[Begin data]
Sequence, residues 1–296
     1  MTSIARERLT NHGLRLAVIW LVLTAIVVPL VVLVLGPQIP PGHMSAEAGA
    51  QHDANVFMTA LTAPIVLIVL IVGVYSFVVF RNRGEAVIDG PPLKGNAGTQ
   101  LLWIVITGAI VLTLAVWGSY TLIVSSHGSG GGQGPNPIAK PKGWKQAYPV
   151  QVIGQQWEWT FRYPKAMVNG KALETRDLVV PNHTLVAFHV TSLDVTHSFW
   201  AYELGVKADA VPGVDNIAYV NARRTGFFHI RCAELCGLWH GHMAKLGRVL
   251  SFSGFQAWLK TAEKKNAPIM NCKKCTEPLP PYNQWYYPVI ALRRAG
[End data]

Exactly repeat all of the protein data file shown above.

Sequence, residues 1–296
     1  MTSIARERLT NHGLRLAVIW LVLTAIVVPL VVLVLGPQIP PGHMSAEAGA
    51  QHDANVFMTA LTAPIVLIVL IVGVYSFVVF RNRGEAVIDG PPLKGNAGTQ
   101  LLWIVITGAI VLTLAVWGSY TLIVSSHGSG GGQGPNPIAK PKGWKQAYPV
   151  QVIGQQWEWT FRYPKAMVNG KALETRDLVV PNHTLVAFHV TSLDVTHSFW
   201  AYELGVKADA VPGVDNIAYV NARRTGFFHI RCAELCGLWH GHMAKLGRVL
   251  SFSGFQAWLK TAEKKNAPIM NCKKCTEPLP PYNQWYYPVI ALRRAG